This WES centenary project, supported by the National Lottery Fund, worked to add biographies of women engineers to Wikipedia via a series of Wikipedia edit-a-thons and the contributions of dedicated volunteers. The resulting content is available to browse via an interactive map on the WES website. Adding content to Wikipedia ensures a broad audience for these biographies and addresses the public lack of awareness of the sheer number of women involved in the history of engineering and technology.
Pages have now been created for women in engineering such as Katharine Parsons, Ira Rischowski, Ayyalasomayajula Lalitha, and many more. Read more about the Wikithon in September 2019 in this Electrifying Women blog post. You can see the full extent of the trail here.
7. Electrifying Women – 2019 – present
Finally, a summary on recent growth of interest in the history of women in engineering would not be complete without adding the Electrifying Women project at the University of Leeds. Supported by the Arts & Humanities Research Council, and working in partnership with the IET, WES, Wikimedia and the Science Museum this project has taken stories of the long history of women in engineering to a wide range of audiences.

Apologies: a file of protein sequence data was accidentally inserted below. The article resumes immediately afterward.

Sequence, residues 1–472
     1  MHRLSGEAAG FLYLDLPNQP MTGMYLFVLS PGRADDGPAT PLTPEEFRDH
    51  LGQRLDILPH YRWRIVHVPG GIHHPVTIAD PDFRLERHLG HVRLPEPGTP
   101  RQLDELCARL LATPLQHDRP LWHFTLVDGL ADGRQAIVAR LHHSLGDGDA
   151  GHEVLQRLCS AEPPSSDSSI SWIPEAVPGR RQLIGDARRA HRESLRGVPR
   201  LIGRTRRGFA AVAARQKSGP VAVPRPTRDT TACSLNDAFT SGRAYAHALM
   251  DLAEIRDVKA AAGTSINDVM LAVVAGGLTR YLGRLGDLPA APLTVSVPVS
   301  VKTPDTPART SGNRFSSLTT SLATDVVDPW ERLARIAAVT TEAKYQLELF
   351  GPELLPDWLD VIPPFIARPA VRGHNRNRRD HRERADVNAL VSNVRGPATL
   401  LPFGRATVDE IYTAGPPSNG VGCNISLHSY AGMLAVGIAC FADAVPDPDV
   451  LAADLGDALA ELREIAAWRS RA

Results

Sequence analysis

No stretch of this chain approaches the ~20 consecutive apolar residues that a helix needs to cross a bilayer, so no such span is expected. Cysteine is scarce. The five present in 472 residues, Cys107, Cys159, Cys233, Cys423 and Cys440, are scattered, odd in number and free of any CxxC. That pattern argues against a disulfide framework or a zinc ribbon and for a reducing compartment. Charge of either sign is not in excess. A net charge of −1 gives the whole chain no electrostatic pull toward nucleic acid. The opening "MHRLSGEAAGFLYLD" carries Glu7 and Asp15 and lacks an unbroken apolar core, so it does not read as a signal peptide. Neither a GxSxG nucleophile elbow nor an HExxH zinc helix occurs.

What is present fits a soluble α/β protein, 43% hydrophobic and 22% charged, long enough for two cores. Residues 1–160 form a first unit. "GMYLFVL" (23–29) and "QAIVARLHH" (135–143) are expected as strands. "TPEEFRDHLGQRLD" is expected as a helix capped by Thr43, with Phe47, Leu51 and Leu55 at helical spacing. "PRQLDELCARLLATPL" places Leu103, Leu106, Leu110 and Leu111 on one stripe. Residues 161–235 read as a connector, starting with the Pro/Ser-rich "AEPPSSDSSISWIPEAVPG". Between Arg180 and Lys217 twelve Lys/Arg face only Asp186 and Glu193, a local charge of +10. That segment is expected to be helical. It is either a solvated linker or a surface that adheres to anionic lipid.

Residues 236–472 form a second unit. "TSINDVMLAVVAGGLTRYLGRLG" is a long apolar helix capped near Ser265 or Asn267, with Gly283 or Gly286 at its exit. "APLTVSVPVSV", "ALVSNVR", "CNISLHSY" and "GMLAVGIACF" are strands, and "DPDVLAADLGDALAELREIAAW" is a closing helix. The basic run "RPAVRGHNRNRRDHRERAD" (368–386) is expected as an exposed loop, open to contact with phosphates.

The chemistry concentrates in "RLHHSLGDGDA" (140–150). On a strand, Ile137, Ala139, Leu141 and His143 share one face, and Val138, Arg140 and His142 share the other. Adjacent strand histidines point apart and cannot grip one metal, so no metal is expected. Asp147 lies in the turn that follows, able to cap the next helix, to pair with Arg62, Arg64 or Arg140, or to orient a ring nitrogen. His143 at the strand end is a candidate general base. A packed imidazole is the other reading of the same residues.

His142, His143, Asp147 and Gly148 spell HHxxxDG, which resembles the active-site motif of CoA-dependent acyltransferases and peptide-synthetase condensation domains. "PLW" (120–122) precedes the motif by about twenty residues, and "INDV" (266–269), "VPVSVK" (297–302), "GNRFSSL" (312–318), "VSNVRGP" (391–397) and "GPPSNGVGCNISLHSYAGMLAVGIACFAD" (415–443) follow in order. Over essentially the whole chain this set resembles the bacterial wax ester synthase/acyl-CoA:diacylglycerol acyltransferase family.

Further information on the scope and objectives of Electrifying Women, as well as a broad array of free (educational) resources can be found on the home page.
Future developments arising from the momentum created in these projects will likely focus on more international (not just British) stories and bring out a greater global diversity of stories of women’s lives in engineering
Finally: do we need to define women engineers?
In 1926, Margaret Partridge, electrical engineer, was corresponding with Caroline Haslett about an event they were both planning to attend, and asked the question: ‘Am I a lady or an engineer?’ Caroline responded with typical directness:
“One thing I am quite clear about and that is that we are both going as engineers or semi-engineers … also I am quite clear about the fact that if I desire to take part in any of the more serious discussions I shall most certainly do so.”
This is a theme that runs through all the projects above. Rather than focusing on whether the women featured can be defined as engineers, these projects have looked at what women were actually doing in the fields of engineering and technology from the 19th century to the present and what their experiences can teach us today.